So what are family constellations and how can they help? This approach is borne out of the work of Bert Hellinger and is often referred to as “Family Constellations”. Bert developed this approach over 30 years ago working with families by looking ‘systemically’ at the whole family system to understand the challenges facing the individual. Within his work as a family therapist he also integrated many years of being a missionary priest in Africa working with indigenous tribes who taught him about shamanic traditions that consciously include working with the ancestors.

P1030014No person is an island. We are all part of multiple systems to which we belong, to our birth family, our national heritage, our ancestors, our organisational systems at work, the professions we belong to, our religion, our belief systems and so on. The systems that we belong to can be complex: consciously or at a sub-conscious level we are in a continual dance between ‘belonging’ to the system, which is a very fundamental need, and the impulse to ‘individuate’ and be a fully expressed human being. The tension arises because if we are fully ourselves, the chances are that we will at some point challenge the systems we belong to and their norms. Systems have a life and organising mind of their own, they too like individuals, are in continual flux trying to reach as balanced a position as possible given continually changing circumstances. Systems too will try and organise themselves to achieve as broad an integration of all the aspects within them, but they also exclude that which threatens their coherence.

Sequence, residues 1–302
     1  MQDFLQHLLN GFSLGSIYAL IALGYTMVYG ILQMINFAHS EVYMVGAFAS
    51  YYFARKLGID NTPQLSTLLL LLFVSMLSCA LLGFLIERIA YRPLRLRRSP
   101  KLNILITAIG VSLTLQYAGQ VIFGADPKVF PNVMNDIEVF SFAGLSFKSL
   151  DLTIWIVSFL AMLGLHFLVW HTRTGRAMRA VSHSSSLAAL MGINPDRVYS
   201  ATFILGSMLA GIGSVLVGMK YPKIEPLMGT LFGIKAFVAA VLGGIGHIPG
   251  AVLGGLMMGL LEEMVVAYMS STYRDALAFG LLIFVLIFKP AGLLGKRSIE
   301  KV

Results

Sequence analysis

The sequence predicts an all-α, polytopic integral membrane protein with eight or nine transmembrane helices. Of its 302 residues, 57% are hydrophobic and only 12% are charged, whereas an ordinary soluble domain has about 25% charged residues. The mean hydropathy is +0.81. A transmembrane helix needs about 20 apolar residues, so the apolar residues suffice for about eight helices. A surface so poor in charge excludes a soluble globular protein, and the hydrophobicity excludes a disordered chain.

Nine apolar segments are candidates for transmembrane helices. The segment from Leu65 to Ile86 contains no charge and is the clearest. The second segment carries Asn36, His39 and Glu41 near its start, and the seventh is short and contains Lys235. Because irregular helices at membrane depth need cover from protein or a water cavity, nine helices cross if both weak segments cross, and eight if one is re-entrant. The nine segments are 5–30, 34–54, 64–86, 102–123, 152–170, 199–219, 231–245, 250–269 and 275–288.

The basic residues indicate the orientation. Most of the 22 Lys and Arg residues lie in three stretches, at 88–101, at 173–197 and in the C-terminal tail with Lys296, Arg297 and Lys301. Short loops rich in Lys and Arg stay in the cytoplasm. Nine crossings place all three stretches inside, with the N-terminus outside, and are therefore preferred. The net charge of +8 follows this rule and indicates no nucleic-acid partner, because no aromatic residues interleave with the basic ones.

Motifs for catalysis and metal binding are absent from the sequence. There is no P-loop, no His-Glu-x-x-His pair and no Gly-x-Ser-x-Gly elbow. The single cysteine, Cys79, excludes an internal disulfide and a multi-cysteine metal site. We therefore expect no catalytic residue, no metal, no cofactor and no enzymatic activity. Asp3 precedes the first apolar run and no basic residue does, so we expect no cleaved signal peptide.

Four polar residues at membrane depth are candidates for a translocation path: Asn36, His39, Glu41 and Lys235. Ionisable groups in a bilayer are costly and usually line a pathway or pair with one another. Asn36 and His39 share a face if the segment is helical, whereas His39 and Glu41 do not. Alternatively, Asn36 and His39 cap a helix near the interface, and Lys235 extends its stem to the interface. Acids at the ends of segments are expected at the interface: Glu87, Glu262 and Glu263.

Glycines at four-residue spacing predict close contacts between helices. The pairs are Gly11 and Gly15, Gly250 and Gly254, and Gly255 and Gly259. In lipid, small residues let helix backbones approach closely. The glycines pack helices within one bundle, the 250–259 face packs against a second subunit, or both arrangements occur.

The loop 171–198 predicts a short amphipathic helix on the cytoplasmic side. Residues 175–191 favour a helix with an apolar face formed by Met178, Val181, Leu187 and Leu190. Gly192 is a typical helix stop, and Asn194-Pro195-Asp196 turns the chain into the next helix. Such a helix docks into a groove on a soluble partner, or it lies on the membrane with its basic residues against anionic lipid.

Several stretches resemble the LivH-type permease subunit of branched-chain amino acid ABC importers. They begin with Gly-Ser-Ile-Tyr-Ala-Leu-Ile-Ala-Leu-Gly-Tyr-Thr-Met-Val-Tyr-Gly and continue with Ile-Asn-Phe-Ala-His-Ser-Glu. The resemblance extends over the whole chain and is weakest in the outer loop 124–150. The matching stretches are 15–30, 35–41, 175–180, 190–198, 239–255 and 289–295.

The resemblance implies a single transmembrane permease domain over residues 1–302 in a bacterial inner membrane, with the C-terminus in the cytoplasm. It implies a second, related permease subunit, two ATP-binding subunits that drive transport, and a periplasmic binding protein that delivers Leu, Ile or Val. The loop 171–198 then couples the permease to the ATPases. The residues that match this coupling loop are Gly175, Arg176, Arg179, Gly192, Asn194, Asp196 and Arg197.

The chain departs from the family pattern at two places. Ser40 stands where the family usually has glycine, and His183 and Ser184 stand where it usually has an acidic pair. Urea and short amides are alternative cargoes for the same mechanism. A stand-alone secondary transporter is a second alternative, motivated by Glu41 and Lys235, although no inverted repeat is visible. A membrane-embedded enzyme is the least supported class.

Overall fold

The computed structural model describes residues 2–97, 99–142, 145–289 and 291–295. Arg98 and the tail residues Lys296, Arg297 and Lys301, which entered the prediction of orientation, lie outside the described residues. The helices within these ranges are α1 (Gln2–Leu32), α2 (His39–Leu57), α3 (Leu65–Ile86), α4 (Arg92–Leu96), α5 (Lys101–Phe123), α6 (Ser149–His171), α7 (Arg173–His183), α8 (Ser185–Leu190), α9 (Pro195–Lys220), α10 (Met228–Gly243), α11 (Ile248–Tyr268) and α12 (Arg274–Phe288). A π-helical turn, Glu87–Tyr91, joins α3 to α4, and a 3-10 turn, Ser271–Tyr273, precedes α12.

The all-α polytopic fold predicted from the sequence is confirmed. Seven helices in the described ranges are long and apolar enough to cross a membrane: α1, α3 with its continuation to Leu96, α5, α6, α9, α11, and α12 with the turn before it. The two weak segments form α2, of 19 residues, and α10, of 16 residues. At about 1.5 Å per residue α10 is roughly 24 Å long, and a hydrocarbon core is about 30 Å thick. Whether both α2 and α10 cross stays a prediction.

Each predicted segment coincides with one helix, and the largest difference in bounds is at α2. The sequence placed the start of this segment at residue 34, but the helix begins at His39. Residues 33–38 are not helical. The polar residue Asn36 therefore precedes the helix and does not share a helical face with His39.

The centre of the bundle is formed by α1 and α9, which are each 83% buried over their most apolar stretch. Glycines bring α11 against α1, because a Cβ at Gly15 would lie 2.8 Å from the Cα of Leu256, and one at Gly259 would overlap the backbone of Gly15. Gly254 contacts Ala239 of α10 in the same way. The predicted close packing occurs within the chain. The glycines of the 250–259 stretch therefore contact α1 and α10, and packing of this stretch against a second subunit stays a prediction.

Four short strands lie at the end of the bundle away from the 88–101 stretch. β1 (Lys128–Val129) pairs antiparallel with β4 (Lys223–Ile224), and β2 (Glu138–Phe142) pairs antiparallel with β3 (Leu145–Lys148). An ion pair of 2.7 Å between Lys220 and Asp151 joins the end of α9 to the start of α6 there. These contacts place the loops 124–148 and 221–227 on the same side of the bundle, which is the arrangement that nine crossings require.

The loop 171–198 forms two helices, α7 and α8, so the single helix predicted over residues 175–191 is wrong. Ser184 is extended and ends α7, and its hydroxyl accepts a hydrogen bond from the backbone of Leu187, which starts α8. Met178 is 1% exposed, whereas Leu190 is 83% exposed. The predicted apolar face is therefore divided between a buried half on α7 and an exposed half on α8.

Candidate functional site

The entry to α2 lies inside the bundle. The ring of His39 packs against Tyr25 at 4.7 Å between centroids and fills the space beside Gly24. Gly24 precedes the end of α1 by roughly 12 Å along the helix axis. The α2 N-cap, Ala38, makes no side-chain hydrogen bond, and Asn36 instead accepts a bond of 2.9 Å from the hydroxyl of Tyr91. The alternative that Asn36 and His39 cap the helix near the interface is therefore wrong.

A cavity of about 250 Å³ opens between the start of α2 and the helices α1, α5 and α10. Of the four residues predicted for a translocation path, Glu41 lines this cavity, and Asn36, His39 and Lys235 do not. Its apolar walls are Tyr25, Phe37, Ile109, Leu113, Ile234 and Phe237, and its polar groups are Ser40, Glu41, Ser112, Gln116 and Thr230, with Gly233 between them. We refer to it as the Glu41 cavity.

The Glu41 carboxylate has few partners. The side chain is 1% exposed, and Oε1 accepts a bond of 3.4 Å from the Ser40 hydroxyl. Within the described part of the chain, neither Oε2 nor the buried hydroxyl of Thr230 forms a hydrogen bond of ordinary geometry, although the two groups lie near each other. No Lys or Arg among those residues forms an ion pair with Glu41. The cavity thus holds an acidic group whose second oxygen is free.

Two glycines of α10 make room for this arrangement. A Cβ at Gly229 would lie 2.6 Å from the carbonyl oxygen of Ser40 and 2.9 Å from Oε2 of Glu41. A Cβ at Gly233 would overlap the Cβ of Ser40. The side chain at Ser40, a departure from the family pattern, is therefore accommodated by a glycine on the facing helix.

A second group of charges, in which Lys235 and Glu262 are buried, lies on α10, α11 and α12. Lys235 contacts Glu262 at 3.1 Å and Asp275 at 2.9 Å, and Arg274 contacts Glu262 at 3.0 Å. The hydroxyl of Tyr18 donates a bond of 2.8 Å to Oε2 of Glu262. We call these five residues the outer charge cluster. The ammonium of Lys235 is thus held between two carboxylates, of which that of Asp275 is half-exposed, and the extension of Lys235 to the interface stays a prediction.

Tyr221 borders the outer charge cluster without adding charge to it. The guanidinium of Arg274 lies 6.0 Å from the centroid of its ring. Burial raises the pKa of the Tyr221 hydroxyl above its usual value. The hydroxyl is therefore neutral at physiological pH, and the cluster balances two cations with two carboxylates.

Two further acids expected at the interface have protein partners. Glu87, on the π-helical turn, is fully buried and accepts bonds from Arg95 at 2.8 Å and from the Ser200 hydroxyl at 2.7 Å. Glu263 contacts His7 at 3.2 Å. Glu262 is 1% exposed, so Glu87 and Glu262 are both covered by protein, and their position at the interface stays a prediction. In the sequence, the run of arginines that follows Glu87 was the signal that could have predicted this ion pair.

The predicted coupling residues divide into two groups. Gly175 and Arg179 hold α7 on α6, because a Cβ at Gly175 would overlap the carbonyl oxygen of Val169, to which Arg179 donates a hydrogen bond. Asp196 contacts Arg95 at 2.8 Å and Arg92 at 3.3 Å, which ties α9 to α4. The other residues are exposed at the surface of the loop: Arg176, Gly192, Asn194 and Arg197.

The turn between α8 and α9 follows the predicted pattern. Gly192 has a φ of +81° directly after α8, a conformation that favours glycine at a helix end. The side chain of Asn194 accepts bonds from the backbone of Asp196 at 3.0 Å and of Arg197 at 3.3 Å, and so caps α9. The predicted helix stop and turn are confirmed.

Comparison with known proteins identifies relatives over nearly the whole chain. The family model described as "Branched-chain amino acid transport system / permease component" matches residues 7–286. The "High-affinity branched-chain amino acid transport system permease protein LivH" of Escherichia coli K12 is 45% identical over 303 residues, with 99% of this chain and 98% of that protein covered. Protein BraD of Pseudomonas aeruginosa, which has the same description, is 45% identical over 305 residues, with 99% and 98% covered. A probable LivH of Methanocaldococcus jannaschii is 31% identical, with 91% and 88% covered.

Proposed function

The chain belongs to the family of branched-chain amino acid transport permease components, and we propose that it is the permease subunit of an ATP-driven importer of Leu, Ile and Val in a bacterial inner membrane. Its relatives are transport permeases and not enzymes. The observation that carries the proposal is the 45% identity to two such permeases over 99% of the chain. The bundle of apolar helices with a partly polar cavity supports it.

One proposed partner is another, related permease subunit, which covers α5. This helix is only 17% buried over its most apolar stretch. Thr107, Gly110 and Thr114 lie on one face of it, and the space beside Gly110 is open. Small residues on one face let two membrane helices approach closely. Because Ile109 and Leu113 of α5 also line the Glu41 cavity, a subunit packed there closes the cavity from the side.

Constellations are a wonderful tool to help reveal sometimes hidden dynamics and forces that are influencing the individual in the dance with the system(s) in which they’re operating.

How is a constellation set up in a workshop?

A constellation is usually focused around an individual that I normally call the ‘client’. Let’s imagine you’re the client. We’d start by sitting side by side in the initial part of the process and my role is to help you clarify your inner question. For example it might be a question about next steps in your career, or perhaps a more existential question like: ‘I want to feel more alive’ or ‘I don’t understand why I am so unhappy’. Through a process of deep listening and enquiry, I try and help you get as clear as you can about what you’re seeking, so you can formulate your inner question into a succinct sentence that resonates deeply for you. This is an important part of the exploration. Sometimes we find that your first presenting question actually has its roots in deeper sub-questions, which Bert Hellinger called ‘movement of the soul’.

Round House Hazel Hill WoodOnce your intention is clear, we establish who are the key players or the key aspects in your question. It’s not only people that are represented in a constellation, you can represent anything in a constellation, for example someone might represent a country or a nation. Imagine we’re co-creating a movie, and you’re the Director and it is you who decides which parts are needed to be represented in the first scene to place your inner question in the right context. Other parts or characters might of course come in as representatives in later scenes, but I like to start a constellation keeping things simple.

Representatives in constellations

Once we’ve agreed who needs to be in the constellation, I’ll invite you to choose fellow participants to ‘represent’ the different aspects of your inner question. One by one you choose and then physically place each individual representative somewhere in the room where we are working. We then stand back from the constellation and observe the movements that follow for the representatives. It’s like a 3 dimensional sculpture of your question, with human beings representing the different forces and dynamics. The role of each representative is to embody the representation as fully and authentically as they can.